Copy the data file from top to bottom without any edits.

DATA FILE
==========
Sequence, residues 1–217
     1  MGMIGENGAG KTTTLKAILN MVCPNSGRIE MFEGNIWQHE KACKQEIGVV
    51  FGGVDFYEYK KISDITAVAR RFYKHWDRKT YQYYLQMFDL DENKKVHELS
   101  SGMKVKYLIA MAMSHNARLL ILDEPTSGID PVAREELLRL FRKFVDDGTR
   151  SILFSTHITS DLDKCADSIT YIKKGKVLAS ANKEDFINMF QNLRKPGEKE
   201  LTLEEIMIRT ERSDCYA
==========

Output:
Sequence, residues 1–217
     1  MGMIGENGAG KTTTLKAILN MVCPNSGRIE MFEGNIWQHE KACKQEIGVV
    51  FGGVDFYEYK KISDITAVAR RFYKHWDRKT YQYYLQMFDL DENKKVHELS
   101  SGMKVKYLIA MAMSHNARLL ILDEPTSGID PVAREELLRL FRKFVDDGTR
   151  SILFSTHITS DLDKCADSIT YIKKGKVLAS ANKEDFINMF QNLRKPGEKE
   201  LTLEEIMIRT ERSDCYA